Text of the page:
South Fork Smith River Heritage Trout Section


Fly Fishing South Fork Smith River

South Fork Smith River in California for fly fishing

California’s only major un-dammed river system, the Wild and Scenic Smith River drains the rugged Siskiyou and Klamath Mountains. The five major tributaries of the Smith are Rowdy Creek, Mill Creek, and the North Fork, South Fork, and Middle Fork.

Coastal cutthroat trout caught in the South Fork Smith River Watershed.

The South Fork of the Smith River and its tributary streams support healthy populations of both Coastal Cutthroat Trout and Coastal Rainbow Trout. In the upper reaches of the South Fork a person can find solitude, natural beauty and opportunity to catch a Coastal Cutthroat Trout on the fly.

Alder trees line the banks of Hurdy Gurdy Creek above the South Fork Smith River in California.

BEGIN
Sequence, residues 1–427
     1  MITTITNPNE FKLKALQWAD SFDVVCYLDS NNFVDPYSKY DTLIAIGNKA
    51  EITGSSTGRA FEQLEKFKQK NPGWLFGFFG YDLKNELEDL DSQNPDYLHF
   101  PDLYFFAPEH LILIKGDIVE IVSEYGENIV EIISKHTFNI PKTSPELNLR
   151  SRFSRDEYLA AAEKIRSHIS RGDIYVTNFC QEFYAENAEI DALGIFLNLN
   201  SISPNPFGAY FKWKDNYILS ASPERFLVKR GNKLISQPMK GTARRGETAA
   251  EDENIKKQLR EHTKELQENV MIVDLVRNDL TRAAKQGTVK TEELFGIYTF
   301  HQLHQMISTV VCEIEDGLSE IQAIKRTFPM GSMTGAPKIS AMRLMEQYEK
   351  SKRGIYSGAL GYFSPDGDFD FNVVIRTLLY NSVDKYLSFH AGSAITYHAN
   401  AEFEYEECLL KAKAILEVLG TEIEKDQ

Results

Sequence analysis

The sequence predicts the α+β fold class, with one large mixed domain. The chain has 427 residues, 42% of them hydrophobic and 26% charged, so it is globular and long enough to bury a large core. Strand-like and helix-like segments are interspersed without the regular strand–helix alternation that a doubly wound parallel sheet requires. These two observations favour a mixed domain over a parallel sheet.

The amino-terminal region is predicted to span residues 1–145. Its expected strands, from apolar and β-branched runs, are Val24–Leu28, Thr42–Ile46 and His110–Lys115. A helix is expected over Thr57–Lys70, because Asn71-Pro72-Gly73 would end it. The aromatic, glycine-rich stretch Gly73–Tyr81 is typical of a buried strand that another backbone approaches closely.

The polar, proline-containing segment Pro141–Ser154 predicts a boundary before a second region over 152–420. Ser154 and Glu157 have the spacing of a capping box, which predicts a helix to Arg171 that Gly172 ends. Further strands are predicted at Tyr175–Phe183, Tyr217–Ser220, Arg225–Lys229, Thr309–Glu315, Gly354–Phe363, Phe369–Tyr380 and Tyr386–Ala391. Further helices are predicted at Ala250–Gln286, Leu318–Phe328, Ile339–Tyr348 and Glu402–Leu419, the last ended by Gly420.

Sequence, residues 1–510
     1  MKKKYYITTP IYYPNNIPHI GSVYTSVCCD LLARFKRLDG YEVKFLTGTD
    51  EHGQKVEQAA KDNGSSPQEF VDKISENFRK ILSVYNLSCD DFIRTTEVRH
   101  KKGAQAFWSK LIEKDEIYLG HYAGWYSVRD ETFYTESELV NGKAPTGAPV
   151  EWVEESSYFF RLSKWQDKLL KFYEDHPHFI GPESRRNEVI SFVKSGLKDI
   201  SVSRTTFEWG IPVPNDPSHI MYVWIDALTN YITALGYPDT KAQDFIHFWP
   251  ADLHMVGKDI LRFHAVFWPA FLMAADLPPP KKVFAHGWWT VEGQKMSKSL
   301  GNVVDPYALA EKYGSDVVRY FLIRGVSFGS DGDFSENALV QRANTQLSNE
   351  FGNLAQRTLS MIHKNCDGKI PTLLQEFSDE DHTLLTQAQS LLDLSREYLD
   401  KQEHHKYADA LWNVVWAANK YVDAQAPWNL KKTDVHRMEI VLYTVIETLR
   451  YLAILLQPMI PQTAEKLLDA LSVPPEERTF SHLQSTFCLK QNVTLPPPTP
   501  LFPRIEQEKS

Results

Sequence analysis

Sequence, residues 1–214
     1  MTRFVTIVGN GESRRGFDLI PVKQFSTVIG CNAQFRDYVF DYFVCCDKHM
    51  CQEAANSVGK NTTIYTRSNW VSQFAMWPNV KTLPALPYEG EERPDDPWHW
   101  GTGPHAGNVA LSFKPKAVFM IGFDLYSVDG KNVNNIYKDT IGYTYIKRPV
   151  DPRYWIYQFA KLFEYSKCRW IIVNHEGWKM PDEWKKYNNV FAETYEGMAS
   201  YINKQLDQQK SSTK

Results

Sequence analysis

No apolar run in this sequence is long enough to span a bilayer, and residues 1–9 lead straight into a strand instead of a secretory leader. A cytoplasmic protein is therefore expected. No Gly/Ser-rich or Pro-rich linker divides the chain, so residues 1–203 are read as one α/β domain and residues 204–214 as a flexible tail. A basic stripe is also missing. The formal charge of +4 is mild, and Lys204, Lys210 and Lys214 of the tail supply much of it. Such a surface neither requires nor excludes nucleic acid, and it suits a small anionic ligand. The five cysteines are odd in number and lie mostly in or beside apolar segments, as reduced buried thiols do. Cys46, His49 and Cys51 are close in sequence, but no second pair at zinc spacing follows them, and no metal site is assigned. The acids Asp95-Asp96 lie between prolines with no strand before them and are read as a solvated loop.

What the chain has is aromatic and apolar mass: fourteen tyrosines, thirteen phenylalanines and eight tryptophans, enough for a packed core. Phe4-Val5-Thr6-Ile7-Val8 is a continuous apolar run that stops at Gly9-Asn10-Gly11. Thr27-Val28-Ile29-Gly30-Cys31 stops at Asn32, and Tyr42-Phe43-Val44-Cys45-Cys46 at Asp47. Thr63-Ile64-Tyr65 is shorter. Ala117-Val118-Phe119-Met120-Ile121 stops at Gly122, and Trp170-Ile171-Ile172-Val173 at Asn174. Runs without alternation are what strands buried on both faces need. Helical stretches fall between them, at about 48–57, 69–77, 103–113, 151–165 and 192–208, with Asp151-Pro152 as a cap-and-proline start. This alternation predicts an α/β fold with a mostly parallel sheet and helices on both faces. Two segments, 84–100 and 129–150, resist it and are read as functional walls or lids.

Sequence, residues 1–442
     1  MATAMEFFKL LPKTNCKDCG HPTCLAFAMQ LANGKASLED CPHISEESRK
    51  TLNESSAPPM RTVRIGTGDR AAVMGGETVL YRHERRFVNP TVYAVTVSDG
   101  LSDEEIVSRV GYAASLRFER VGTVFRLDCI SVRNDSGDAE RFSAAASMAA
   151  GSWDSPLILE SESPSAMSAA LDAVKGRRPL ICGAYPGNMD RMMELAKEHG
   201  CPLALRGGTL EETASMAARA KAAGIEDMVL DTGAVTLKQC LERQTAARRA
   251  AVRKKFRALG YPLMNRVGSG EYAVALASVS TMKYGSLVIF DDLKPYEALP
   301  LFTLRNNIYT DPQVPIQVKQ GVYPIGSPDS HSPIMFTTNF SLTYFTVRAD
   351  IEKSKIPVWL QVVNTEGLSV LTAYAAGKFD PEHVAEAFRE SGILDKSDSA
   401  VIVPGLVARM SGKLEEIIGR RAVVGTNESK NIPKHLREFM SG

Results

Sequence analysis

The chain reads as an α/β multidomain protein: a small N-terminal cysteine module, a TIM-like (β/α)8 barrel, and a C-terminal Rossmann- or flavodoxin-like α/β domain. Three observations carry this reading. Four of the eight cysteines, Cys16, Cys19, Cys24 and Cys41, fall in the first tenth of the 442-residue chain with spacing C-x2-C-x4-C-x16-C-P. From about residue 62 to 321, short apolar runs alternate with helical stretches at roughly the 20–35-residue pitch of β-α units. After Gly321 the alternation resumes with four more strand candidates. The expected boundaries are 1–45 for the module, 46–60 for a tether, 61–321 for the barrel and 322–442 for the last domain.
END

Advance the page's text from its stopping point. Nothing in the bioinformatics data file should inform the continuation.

Because of these qualities, the California Fish and Game Commission designated roughly 100 miles of the Upper South Fork Smith River as part of California's Heritage Trout Waters. The designated water includes the South Fork Smith River, from Goose Creek upstream to the Island Lake Trail Crossing, and includes the following tributaries: Goose Creek, Hurdygurdy Creek, Buck Creek, Quartz Creek, Eight Mile Creek, Williams Creek, Harrington Creek and Prescott Fork.

Coastal cutthroat trout are native to a few rivers in Northern California.

Recently, the Fish and Game Commission designated 41 additional miles of the South Fork's watershed to the Heritage Trout Waters program - bringing the total designated Smith River miles to 141. The newest designation includes the South Fork Smith River, from the confluence with Craigs Creek upstream to the confluence with Goose Creek, including the tributaries of Craigs Creek, Coon Creek, and Rock Creek.

Fly Fishing the South Fork River in California.

Fish & Flows

The Smith River watershed is home to strong runs of steelhead, Chinook and Coho salmon. A mostly rain and spring-fed river, with some snow-melt in the spring, the Smith has a very “flashy” hydrograph, often changing from 2,000 cfs to 50,000 cfs in just days. However, the rocky and wild nature of the Smith allows it to return to its crystal-clear state just as quickly.